How do I network when I don't know what I want
September 9, 2013 4:12 PM   Subscribe

I am moving to a new city for personal reasons and I need to find a job. This weekend I will be in the new city and will go to the pub where my school's local alumni club for that city is meeting. I'd like to make a good impression on the people that I meet, and, in doing so, to productively advance my job search. The problem? I don't know what I want to do. How do I make a good first impression without having a direction?

I joke that I am a recovering attorney -- graduated law school right in time for the economy to crash, caught up in the legal downturn, hung a shingle and couldn't make that work. Because of very many bad experiences, and virtually no good ones, working for other attorneys and on my own, I'm very hesitant to try to practice again in my new city. My skin crawls when I think about it.

At present, I do a boring desk job, mostly involving excel, for a big faceless corporation, which is generally boring but otherwise a fine job. I feel like I have a lot of talents and skills but no idea how to sum them up in a way that indicates that I'd be a good fit at any particular job or career. My experience has been, as well, that people can't get past the word "Lawyer." Even the career counselor I hired this summer kept pushing me to practice law instead of helping me figure out what I want to do (I paid him a lot of my savings so I can't afford another career counselor right now).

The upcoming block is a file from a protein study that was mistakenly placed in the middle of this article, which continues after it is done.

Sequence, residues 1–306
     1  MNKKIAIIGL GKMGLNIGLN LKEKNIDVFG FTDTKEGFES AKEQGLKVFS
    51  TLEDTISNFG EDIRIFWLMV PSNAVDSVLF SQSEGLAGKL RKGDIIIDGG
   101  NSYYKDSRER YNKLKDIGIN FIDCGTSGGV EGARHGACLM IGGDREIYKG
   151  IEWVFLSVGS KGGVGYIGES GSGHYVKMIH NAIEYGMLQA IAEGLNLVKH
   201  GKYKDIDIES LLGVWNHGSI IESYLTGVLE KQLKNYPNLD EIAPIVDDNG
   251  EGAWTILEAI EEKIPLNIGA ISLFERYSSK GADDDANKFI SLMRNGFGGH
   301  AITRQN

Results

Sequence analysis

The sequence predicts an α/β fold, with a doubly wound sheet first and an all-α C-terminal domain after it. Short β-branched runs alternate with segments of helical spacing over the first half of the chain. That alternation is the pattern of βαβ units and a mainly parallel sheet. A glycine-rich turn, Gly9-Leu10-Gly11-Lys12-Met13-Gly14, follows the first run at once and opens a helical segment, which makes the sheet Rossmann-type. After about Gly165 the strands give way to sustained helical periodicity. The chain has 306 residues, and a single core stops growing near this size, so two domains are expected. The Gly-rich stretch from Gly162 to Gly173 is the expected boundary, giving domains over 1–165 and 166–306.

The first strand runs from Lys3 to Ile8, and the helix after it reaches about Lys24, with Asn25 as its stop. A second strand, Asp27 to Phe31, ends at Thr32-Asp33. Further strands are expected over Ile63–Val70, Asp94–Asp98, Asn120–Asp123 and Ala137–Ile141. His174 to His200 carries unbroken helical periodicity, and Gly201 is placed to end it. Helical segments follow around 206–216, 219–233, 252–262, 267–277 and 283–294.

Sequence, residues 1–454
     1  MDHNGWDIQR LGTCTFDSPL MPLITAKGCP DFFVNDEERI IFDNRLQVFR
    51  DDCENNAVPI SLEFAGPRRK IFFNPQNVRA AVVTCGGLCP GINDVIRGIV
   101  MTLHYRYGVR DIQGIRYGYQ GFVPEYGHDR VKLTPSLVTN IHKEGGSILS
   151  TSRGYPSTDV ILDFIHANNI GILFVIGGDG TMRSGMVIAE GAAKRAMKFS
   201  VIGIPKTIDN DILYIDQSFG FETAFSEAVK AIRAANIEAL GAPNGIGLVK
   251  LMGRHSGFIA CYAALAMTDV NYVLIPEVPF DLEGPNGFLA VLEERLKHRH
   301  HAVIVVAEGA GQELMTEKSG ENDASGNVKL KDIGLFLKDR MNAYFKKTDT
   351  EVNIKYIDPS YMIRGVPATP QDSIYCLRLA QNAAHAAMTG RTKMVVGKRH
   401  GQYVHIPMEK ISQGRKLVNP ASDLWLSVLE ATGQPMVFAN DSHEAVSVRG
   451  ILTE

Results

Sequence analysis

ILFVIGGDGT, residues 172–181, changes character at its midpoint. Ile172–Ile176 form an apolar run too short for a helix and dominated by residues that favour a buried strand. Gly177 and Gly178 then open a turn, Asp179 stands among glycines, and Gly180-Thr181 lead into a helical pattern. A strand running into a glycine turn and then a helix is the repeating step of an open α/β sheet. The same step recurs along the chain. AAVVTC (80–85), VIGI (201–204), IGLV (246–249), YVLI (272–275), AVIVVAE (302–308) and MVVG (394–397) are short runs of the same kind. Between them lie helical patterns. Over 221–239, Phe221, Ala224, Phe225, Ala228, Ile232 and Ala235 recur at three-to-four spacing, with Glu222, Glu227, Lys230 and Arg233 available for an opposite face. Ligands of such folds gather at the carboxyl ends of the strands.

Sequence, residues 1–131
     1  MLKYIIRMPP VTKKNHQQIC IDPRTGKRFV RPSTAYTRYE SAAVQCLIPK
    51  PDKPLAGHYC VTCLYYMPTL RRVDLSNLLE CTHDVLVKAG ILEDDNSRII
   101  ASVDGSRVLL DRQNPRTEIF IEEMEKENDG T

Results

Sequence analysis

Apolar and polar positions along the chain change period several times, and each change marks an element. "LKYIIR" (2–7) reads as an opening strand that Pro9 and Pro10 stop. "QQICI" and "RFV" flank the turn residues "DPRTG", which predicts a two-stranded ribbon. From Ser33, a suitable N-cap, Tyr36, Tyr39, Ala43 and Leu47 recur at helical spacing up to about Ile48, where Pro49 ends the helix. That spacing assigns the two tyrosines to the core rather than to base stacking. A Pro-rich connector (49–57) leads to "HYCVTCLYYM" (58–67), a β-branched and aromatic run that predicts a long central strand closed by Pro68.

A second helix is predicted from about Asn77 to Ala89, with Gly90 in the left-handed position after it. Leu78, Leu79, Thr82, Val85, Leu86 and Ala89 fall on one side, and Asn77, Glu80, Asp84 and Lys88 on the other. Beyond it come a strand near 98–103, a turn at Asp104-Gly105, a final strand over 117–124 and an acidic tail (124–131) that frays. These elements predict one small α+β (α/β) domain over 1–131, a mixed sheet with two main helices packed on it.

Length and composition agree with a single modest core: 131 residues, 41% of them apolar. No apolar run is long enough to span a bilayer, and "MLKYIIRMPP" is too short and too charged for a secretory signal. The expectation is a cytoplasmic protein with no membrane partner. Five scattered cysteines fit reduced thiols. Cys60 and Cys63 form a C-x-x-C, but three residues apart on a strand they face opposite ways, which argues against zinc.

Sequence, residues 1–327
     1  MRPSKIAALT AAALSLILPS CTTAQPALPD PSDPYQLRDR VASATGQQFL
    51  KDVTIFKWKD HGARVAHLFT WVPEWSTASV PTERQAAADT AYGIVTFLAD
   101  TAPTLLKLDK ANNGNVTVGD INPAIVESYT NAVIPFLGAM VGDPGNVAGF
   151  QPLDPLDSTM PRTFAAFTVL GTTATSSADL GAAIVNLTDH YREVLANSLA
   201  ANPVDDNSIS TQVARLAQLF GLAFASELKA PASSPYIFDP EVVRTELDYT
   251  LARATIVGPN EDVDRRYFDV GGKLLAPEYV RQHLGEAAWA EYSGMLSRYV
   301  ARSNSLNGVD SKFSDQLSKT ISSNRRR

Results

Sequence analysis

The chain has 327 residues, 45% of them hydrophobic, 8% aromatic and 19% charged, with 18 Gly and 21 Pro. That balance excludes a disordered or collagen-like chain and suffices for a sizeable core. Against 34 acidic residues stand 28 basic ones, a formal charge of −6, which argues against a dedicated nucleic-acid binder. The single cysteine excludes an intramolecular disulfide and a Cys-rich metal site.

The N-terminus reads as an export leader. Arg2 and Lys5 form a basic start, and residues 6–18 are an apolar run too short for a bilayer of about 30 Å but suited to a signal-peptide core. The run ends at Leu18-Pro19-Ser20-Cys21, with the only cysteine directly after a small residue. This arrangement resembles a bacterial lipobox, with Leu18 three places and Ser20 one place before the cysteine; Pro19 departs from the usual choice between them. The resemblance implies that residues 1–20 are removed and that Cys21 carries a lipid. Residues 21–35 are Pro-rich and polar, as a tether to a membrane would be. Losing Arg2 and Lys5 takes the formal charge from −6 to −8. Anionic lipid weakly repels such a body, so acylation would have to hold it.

I want to network with people this weekend and find a job. I don't know how to do that. I don't know what to ask for, or ask about. What should I do?
posted by anonymous to Work & Money (6 answers total) 8 users marked this as a favorite
 
Policy gigs don't appeal?
posted by oceanjesse at 4:46 PM on September 9, 2013


MoonOrb is right that it's hard to network without an idea of what you want, but his line is pretty much what I use when I was networking out of being a practicing attorney and into being a policy advocate, minus the "I don't know what I want to do" because I knew what I wanted to do. When I met with people, I said that I was transitioning out of practice so I could focus on the aspects of law that I enjoyed (namely court systems and social justice) while using the relevant skills I had developed in appellate practice.

When you meet people at your networking event, introduce yourself as a person transitioning out of the practice of law and that you're there to find out what sort of careers might match your skill set. Ask people what skills they look for when hiring new people and what skills they want those people to develop. Then try to relate that to what you do well or what you enjoy doing.

FWIW, I also paid a career counselor to help me figure out what to do, post-law-career and it was not terribly useful. I mean, she's made a good career out of it, but I would never recommend her services. I figured out what I wanted to do by telling everyone I trusted that I wanted out of my law firm job, that I was good at research and excellent at writing point papers and advocacy documents, and did they know anyone I should talk to about a possible career. Then I had coffee with those people and asked them what their jobs entailed, what skills they needed to do their jobs, what they needed to learn at their jobs. From there, I figured out what I wanted.
posted by crush-onastick at 5:40 PM on September 9, 2013 [3 favorites]